Making practical progress in parameterizing turbulent mixing in the deep ocean. Sonya Legg Princeton University, NOAA-GFDL. The role of deep mixing in the general circulation. Cooling. Pole. Eq. convection. overflows. Overturning. Upwelling. tidal mixing.
Princeton University, NOAA-GFDL
Diapycnal mixing is necessary to close the thermohaline circulation: tides and winds are the likely source of energy for deep diapycnal mixing.
Climate models need physically based parameterizations of spatially and temporally varying tidal mixing: here we will focus on tidal mixing.
Tidal Energy Budget in the deep ocean
Munk and Wunsch, 1998
Most tidal energy is dissipated in coastal oceans, but the small amount dissipated in deep ocean has large impact on climate.
Different climate scenarios (e.g. raising/lowering sealevel) would have different dissipation patterns.
Tidal energy flow chart.
Global climate models do not simulate any part of this chain of events, not just the final mixing.
Observations (Polzin et al, 1997) show interior mixing is concentrated over rough topography, e.g. mid-ocean ridges and seamounts
Evidence for tidal mixing over a knife-edged ridge: the Hawaiian Ocean Mixing Experiment (Klymak et al, 2005)
Diffusivity (estimated from measured dissipation) enhanced over ridge
Dissipation scales with M2 tidal energy flux (Klymak et al, 2005)
Topography: height h, width L, depth H
Flow: speed U, oscillation frequencyw
Others: coriolis f, buoyancy frequency N
Analytical studies assume some or all of topographic/flow parameters are small – numerical simulations don’t have this restriction.
The relevant question for mixing parameterization purposes: how much energy is extracted from the barotropic tide?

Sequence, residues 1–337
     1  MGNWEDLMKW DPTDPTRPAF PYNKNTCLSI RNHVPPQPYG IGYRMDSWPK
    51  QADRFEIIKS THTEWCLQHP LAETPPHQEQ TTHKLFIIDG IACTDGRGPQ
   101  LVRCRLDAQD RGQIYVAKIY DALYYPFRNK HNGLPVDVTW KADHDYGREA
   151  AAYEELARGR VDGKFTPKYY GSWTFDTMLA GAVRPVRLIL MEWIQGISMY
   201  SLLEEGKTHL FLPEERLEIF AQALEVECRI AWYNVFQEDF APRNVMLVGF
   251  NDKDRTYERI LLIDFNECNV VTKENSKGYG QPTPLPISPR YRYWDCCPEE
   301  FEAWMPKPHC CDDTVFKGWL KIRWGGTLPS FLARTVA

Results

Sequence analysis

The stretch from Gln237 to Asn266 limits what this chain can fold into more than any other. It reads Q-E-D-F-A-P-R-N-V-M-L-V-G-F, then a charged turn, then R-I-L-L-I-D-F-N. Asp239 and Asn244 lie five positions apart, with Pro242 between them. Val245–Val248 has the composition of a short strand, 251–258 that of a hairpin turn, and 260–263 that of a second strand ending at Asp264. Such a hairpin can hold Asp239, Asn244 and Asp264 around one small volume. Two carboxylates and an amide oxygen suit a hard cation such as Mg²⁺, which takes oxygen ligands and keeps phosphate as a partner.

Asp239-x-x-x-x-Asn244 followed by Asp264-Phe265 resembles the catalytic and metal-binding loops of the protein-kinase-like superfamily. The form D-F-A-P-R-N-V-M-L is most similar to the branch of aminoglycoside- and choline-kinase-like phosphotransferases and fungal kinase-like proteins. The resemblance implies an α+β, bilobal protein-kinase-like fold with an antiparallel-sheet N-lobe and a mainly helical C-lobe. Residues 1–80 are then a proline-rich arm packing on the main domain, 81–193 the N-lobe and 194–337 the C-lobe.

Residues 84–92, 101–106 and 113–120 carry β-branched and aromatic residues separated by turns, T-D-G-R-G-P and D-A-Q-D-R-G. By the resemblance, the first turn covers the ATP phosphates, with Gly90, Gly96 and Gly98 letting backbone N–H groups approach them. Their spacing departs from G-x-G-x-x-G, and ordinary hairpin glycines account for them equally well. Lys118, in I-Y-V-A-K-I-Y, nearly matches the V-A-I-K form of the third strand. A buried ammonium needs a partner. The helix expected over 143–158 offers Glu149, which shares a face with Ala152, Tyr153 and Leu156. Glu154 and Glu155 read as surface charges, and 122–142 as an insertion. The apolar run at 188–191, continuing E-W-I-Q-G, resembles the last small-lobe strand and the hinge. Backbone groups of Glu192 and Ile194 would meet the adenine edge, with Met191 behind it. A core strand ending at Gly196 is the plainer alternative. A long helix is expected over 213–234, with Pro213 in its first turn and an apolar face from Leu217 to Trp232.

St Laurent et al, 2003
Q: What happens when RL> 1, and Fr = U/(Nh) < 1?
Low, wide, shallow topo
Low, narrow, steep topo
Tall, steep topo
Baroclinic velocity snapshots from simulations of tidal flow over Gaussian topo with forcing amplitude U0=2cm/s (Legg and Huijts, 2006; using MITgcm).
Steep topography leads to generation of internal tide beams: energy concentrated on wave characteristics.
Rate of energy conversion from barotropic tide
Ratio of dissipation rate to conversion rate
St Laurent et al prediction for steep topo, h/H=0.5
St Laurent et al prediction for steep topo, deep fluid
Low, wide topography; low, narrow topography; tall wide topography; tall narrow topography
Theoretical predictions of energy conversion agree well with numerical model results.
For wider topo, only 10% of energy extracted from tide is dissipated locally; for narrow topo, much greater fraction.
All from Legg and Huijts, 2006; using MITgcm
Low wide shallow topo
Low narrow steep topo
Narrowest topo is the only case without energy peak at lowest vertical mode.
Tall steep topo
Tall steep narrow topo
(Legg and Huijts, 2006)
Mid Atlantic ridge has much less total internal tide energy flux than Hawaii, but similar levels at high mode numbers (m>10). Dissipation levels, especially at depth, are similar, suggesting dissipation is a function of energy in high modes.
St Laurent and Nash, 2004.
Low narrow steep topo
Tall steep topo
Dissipation is all in narrow beams, no hydraulic effects
Possible transient internal hydraulic jumps are a location for overturning
Isopycnal deflection by large amplitude tides: U0 = 24cm/s
Large amplitude forcing over large amplitude steep topo leads to local overturns in internal hydraulic jump-like features. (Legg and Huijts, 2006)
Q: Can internal hydraulic jumps be important at more moderate (i.e. realistic) forcing velocities?
Buoyancy field for U0=5cm/s, M2 tidal forcing.
Hawaiian ridge is tall and steep.
Hydraulic jumps develop over steep slope during downslope flow: at flow reversal, jumps propagate upslope as internal bores.
Asymmetric response: slope curvature is important.
Stratification and topography data from Kaena ridge courtesy of Jody Klymak and HOME researchers (Legg, 2006)